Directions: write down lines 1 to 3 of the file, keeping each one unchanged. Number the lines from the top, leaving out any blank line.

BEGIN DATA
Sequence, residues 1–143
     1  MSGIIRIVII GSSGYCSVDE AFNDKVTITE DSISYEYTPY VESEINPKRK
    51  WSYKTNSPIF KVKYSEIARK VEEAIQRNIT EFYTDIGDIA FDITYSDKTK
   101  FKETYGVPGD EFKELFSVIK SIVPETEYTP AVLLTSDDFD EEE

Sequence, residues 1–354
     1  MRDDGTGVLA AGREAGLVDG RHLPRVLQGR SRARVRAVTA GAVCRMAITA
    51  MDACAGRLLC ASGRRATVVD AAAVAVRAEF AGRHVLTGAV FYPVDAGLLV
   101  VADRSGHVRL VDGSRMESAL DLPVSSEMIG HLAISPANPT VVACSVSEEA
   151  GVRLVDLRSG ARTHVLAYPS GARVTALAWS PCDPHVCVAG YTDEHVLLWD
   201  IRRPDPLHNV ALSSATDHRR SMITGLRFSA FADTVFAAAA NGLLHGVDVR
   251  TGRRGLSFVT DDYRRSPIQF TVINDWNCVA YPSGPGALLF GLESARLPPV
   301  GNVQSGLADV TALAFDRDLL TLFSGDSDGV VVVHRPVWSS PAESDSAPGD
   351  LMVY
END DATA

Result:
Sequence, residues 1–143
     1  MSGIIRIVII GSSGYCSVDE AFNDKVTITE DSISYEYTPY VESEINPKRK
    51  WSYKTNSPIF KVKYSEIARK VEEAIQRNIT EFYTDIGDIA FDITYSDKTK